With the modern usage of antibiotics hitting all-time highs, not only in the health care field, but also in farming and agriculture as well, we are seeing more and more bacterial organisms that are becoming resistant to our front line pharmaceuticals. The latest estimates from the CDC notes that there are over 23,000 deaths per year from antibacterial resistant disease, and the numbers are on the rise. If this is the case, how can we continue to protect ourselves from disease and infection if using these drugs is only resulting in stronger and stronger bacterial organisms?
The answer, says Stephen Harrod Bruhner, author of the books Herbal Antibiotics and Herbal Antivirals, is in the use of plants with antibiotic properties. Bruhner notes that bacterial organisms are some of the oldest living organisms on the planet and have become very good at adapting to the challenges that the world throws at them, including humans and antibiotics. He also notes however that some of the most potent antibacterial substances on the planet come either from other bacteria or from plants.
The difference between using a pharmaceutical based antibiotic and using antibacterial herbs lies in the amount of compounds that a bacterial organism will have to adapt to. Often times, a pharmaceutical drug, antibiotic or otherwise, is an isolated and concentrated compound, often derived from an “active ingredient” found in a plant or other source. This means that while that single compound may be very effective at what it does, it is only one single thing that the bacteria will have to learn to adapt to and then render it obsolete. Plants however, contain hundreds to thousands of compounds that all work in concert with one another to completely overwhelm the bacteria, throwing so many compounds at it that there is no way that it can adapt to all of them at once. The result is that plant antibiotics continue to be effective against even drug resistant bacteria.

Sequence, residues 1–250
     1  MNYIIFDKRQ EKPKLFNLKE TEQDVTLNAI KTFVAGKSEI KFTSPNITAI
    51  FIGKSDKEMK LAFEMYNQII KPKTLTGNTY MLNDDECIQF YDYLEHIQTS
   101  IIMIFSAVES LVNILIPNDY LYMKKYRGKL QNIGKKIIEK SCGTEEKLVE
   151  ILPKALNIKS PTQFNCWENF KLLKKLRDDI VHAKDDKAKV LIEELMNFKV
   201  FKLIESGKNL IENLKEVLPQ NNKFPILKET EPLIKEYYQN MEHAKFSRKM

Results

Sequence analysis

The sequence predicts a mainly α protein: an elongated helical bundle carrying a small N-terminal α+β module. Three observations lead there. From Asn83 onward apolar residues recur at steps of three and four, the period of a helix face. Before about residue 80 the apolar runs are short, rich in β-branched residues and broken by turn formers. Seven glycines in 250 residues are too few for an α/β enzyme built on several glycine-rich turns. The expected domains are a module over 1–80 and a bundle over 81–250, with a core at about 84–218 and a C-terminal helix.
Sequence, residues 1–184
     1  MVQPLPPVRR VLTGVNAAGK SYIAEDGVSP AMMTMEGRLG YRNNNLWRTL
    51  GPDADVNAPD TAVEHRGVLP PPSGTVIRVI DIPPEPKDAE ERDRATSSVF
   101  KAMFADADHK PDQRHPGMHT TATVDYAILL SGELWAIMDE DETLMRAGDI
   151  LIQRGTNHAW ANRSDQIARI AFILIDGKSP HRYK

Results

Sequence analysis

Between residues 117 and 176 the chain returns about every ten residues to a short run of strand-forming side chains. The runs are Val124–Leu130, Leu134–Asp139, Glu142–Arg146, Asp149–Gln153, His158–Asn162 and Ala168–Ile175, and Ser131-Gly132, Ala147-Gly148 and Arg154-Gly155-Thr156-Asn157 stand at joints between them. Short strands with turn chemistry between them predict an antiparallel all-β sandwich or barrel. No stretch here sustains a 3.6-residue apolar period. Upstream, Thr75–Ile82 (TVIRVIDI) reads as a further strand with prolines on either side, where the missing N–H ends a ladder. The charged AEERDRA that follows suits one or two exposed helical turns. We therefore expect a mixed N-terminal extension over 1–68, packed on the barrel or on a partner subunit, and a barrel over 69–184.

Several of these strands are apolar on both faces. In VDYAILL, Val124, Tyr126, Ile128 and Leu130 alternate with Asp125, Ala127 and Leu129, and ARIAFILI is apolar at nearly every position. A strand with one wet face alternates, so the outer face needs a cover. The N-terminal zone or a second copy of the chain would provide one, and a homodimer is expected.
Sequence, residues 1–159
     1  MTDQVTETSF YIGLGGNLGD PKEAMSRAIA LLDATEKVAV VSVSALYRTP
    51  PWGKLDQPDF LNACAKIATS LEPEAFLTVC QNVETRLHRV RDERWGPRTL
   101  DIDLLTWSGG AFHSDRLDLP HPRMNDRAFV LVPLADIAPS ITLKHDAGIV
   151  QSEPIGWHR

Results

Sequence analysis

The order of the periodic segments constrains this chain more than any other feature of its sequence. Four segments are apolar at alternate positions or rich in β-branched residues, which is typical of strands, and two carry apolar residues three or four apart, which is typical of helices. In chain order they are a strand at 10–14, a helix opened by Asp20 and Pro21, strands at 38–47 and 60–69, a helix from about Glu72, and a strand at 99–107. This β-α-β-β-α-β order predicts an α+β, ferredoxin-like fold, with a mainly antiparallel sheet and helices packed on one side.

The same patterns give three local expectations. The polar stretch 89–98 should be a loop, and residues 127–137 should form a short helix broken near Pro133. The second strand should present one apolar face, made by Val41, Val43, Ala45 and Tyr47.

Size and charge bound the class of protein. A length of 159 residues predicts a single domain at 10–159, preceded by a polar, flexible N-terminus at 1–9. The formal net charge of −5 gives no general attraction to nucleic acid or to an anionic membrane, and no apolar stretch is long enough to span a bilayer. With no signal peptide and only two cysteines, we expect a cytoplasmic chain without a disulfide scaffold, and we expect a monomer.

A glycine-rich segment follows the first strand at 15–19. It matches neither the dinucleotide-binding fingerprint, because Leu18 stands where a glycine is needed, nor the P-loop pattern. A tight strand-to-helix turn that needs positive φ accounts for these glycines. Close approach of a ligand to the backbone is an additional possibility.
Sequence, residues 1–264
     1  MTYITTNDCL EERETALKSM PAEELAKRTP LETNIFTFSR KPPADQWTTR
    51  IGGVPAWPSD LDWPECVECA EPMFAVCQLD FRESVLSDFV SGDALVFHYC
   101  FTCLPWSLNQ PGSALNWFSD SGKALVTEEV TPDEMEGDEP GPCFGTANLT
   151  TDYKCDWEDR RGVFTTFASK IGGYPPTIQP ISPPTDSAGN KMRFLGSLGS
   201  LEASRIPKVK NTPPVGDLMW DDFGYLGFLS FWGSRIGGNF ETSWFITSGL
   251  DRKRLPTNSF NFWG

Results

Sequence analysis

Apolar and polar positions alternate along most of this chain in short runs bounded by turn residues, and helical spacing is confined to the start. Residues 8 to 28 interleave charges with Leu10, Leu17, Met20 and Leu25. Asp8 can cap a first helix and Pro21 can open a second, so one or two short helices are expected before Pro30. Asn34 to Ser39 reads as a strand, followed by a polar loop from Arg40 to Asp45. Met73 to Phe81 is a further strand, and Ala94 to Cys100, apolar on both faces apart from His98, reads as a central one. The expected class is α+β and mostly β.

The Chinese Herbal Medicine pharmacopeia contains a large number of herbs that exhibit antibacterial properties and have been in use for thousands of years. A few notable examples are Honeysuckle (Jin Yin Hua), Forsythia (Lian Qiao), Isatis or Woad Leaf and Root (Da Qing Ye and Ban Lan Gen), Garlic (Da Suan), and Honey (Feng Mi). Interestingly, Honey is now being applied to all surgical wounds infected with disease resistant bacteria as a standard practice in the United Kingdom.
In addition to the antibacterial properties of these herbs, many of them also exhibit antiviral, antimicrobial, and anti-inflammatory properties as well, demonstrating the astounding number of compounds that can be found in a single plant. To take this concept even further, take into account that Chinese herbal medicine will often combine several herbs together to balance and enhance their effects and you have a very potent agent to fight against bacterial and viral disease without the risk of developing drug resistant organisms.
The important thing to remember about all infections and diseases is that they are often easier to prevent than to cure, and that time is of the essence no matter which method of treatment you choose, the sooner you get treatment, the easier it will be for your body to overcome the infection.
To read more about Stephen Bruhner, check out this article.
Sources for Chinese Herbal Pharmacology: Chen, John K., and Tina T. Chen. Chinese Medical Herbology and Pharmacology. City of Industry CA: Art of Medicine Press, 2004.